The consequence of environmental pressures could go either way, Pilott says, according to this polarity; he’s afraid of the alternative: “Society could become more oppressive, more fascistic”. Yet he’s mentioned previously that socialists should vote Tory. He laughs when I ask him about this, but admits that “this is something I’ve always struggled with. I subscribe to the Marxist idea of false consciousness – people are arguing in favour of things that are not in their interest”. He ascribes UKIP’s popularity to this notion: “What is Nigel Farage? A city trader, a millionaire. They think that because he’s got a pint and a fag in his hand he’s one of them. What does he want to do? Cut taxes for the rich”.
If there is a false consciousness, as Howard Pilott attributes, how can there be the break necessary for a socialist revolution? Pilott smiles, “well you can talk to them, which my party has tried to do for 110 years. Or alternatively, you can wait for capitalism to do its work for you. For things to begin to get so bad that people start to become more agitated”. This is his logic behind the idea of voting Tory – the necessity to shock people from their inertia: “You get more full-blown capitalism [under a Tory government], less of the amelioration of a welfare state; workers rights are removed, social provision is scrapped, markets are let rip…Maybe what would happen is that the inequalities, the deprivations this creates will wake people up”. Pilott’s uncertain however of this tactic: “That was a facetious remark I made – I don’t know whether or not it’s true”.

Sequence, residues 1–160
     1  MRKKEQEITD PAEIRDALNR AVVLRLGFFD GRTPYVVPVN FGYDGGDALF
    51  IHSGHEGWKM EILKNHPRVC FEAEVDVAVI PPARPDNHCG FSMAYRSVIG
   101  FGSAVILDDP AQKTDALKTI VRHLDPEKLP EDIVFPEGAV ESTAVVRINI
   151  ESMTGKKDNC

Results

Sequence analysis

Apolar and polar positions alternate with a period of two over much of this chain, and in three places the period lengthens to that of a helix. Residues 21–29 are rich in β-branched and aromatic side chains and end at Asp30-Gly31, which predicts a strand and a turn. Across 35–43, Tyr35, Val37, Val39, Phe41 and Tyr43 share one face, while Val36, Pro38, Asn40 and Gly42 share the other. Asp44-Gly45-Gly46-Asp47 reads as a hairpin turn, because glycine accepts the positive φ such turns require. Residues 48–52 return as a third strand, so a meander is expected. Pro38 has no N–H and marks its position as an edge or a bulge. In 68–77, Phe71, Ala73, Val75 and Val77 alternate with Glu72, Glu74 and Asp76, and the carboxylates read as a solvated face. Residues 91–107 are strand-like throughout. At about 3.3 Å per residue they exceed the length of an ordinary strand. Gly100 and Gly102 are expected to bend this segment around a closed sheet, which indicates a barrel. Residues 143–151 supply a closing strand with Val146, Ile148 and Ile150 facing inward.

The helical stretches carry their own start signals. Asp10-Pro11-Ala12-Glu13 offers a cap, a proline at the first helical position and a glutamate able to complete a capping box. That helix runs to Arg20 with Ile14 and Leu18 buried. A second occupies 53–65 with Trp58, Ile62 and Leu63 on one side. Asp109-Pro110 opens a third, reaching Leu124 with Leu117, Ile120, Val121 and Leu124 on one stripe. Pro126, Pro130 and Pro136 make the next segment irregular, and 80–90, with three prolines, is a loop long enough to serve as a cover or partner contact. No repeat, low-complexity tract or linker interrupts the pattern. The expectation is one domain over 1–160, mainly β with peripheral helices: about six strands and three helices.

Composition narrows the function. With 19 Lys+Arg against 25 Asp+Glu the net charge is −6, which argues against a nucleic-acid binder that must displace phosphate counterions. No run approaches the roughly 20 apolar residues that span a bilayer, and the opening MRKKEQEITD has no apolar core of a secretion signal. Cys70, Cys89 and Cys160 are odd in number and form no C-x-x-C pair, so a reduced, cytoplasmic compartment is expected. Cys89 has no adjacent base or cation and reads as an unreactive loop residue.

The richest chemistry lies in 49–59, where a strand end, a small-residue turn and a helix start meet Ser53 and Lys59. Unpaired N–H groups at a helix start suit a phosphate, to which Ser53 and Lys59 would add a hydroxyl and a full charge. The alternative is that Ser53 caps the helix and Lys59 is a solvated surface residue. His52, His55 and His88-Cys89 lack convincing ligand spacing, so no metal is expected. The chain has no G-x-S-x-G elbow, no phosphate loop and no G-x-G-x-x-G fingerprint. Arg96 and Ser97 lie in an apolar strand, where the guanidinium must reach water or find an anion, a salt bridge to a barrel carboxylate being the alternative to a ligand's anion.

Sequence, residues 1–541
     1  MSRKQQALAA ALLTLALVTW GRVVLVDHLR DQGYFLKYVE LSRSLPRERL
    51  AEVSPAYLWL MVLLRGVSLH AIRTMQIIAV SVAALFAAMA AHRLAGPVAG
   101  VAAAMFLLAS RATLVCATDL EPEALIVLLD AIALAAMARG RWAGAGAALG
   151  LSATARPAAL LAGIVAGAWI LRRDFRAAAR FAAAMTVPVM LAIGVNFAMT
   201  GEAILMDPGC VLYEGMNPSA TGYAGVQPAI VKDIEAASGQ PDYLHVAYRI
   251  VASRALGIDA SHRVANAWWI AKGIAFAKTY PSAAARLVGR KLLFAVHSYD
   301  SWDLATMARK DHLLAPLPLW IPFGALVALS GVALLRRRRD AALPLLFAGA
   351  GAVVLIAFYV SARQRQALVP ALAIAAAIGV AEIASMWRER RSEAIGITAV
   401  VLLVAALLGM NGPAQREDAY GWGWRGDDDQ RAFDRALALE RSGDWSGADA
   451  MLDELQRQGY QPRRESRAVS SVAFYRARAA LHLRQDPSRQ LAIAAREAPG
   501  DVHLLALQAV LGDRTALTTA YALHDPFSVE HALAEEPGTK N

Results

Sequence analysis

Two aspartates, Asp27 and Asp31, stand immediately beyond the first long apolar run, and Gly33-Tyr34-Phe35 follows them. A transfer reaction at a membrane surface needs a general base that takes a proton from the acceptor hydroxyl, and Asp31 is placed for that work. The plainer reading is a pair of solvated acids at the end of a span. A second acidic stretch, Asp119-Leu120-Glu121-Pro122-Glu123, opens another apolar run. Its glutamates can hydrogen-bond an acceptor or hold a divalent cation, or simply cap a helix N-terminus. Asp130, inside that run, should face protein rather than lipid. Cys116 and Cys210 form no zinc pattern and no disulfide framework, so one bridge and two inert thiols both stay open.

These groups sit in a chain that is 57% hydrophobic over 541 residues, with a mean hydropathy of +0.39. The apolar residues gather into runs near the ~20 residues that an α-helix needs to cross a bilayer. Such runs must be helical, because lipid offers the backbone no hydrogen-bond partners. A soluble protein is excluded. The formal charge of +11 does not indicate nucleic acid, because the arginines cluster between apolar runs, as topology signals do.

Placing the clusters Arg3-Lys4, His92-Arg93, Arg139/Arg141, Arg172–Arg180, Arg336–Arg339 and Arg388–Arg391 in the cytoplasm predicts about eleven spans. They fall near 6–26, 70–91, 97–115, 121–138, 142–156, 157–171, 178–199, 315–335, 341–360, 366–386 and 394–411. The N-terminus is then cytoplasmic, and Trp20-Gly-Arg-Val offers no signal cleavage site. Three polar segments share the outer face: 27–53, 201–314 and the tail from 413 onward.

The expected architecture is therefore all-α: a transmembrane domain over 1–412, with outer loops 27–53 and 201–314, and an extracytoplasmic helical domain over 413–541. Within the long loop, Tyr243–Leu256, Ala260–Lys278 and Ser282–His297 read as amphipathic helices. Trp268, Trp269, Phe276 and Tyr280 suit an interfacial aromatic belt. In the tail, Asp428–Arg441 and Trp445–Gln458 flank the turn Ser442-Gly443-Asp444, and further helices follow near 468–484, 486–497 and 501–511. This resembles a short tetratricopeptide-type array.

One thing is clear for Howard Pilott though: we are reaching the final crises of capitalism. He thinks people need to be shocked in order to ‘wake up’ to the oppression and inequality inhered in a capitalist system, and that this will happen through environmental pressures, through climate change, as we fail to take effective mitigative action: “The environment will certainly wake people up, but the trouble is, it may wake them up too late”.
Is there no hope then for socialism? Howard Pilott I think is quietly optimistic; he possesses the certain dogged idealism necessary for the contemporary socialist, trusting in the ‘ingenuity of humankind’: “I don’t believe that a society which can come up with triple heart bypass surgery, that can effectively bring people back from the dead, can take a piece of machinery on this planet, fire it at another planet that is further away than the sun and get it to land on an asteroid smaller than Lewes, can’t arrange things on this planet other than a way where a handful of people have to own half of it, and millions of people have to starve. I simply don’t believe it. It doesn’t strike me as sensible, rational or intelligent, and I’m sure actually we’re beyond that”.